- Articles & News
- For IT Pros
- Your Opinion
Hardware-based solutions often store their encryption keys far below the application or OS stacks, burying them in dedicated hardware memory. On SEDs, this involves the creation of a small, hidden partition that remains invisible to the operating system. The hidden partition contains both an encrypted encryption key as well as a hashed authentication key—a sort of derived signature that represents the authentication key. Once authentication is obtained, the drive allows data to be decrypted, and the system interacts with media by way of two commands, “trusted send” and “trusted receive,” contained within the ATA interface protocols. Provided that the system chipset recognizes these commands—and nearly all modern chipsets now do—the process works with nearly perfect transparency.
When no password is implemented in the BIOS, a self-encrypting drive is always doing its job. It performs exactly like a regular drive, only with encryption and decryption happening on the drive’s circuit board. If you visualize on-drive encryption as a door between the outside world and the data on the drive’s media, with no other measures taken that door simply stands on its hinges, swinging freely any time data needs to pass from one side to the other. However, once a BIOS password is applied, a deep association is made between the drive and the motherboard that functions like a deadbolt lock placed on that door. The user must authenticate with a password during system boot-up or when emerging from hibernation in order to decrypt the drive’s encryption key and thus unlock the drive.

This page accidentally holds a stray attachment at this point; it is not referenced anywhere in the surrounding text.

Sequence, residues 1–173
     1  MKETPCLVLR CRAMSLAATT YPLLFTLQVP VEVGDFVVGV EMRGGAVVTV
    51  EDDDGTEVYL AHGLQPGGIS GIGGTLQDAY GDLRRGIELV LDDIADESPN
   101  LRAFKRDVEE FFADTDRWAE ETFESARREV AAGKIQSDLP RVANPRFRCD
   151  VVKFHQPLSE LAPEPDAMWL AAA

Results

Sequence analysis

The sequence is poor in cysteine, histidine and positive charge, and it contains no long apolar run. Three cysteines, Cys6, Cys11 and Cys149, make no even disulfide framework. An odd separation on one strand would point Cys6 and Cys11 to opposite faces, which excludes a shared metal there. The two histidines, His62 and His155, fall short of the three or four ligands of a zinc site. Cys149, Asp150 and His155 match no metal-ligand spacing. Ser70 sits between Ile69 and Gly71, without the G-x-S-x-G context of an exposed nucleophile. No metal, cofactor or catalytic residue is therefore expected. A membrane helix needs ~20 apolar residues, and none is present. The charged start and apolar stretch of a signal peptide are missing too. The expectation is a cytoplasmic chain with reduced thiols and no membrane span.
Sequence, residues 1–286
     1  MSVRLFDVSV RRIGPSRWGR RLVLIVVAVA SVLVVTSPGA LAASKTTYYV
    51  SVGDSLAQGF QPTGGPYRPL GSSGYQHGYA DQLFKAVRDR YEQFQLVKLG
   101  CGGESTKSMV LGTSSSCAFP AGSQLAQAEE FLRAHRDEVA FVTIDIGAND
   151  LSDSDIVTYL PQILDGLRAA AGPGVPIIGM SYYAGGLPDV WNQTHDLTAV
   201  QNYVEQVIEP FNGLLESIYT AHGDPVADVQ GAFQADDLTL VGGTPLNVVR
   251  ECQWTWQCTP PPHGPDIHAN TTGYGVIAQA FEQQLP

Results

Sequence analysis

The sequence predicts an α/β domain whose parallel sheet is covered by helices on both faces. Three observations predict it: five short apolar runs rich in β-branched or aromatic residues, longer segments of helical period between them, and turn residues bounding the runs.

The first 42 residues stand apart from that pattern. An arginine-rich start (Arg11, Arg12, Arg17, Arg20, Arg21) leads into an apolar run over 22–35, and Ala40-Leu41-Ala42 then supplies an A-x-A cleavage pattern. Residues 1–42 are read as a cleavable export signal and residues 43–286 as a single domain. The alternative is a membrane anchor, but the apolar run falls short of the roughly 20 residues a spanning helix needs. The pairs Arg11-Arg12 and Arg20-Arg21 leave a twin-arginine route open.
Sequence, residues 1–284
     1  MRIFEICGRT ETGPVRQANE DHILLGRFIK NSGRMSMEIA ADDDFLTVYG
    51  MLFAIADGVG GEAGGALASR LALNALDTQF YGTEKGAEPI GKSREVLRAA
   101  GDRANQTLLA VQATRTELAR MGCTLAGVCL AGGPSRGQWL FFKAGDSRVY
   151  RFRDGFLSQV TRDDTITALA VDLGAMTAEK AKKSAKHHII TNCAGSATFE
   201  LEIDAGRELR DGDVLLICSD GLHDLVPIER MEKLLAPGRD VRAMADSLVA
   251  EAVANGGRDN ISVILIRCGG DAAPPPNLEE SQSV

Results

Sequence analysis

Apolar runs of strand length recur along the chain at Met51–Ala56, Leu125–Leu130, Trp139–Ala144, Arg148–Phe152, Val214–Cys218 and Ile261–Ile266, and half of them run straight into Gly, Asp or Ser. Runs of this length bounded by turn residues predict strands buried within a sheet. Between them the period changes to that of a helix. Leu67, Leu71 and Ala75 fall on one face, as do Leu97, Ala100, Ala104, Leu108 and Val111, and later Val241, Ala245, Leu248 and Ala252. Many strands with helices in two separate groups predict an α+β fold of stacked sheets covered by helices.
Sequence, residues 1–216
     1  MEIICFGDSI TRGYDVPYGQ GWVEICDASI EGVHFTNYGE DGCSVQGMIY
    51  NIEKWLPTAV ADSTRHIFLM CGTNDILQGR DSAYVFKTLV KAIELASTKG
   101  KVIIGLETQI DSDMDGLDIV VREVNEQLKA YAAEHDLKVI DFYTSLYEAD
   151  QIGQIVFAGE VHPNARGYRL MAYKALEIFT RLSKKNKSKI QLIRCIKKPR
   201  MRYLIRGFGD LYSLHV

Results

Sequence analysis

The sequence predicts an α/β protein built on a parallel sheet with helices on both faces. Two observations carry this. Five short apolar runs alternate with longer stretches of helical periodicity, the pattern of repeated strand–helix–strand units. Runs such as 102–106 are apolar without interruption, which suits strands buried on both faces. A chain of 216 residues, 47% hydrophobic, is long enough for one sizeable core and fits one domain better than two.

Specifically, the process of accessing an SED goes through the following steps:
1. The storage subsystem requests an authentication key from the key management service. The service then forwards the authentication key to the necessary drive.
2. The SED hashes this authentication key and compares it to the hashed authentication key already stored on the SED’s hidden partition. If the two hashed keys don’t match, the drive locks out any subsequent requests for data from other drive partitions, thus locking the drive.
3. If the two hashed keys match, the SED then takes the unhashed key fetched from the storage subsystem and uses it to decrypt the encryption key, which is also stored in the hidden partition. This unlocks the drive.
4. Requested data is decrypted as it streams off of the storage media and through the drive’s crypto controller. This cleartext data is then passed on to the system chipset for use.
5. When data is written to the drive, the crypto ASIC will use the encryption key to hash the data so that it is stored safely.
The SED will not relock until it is powered down.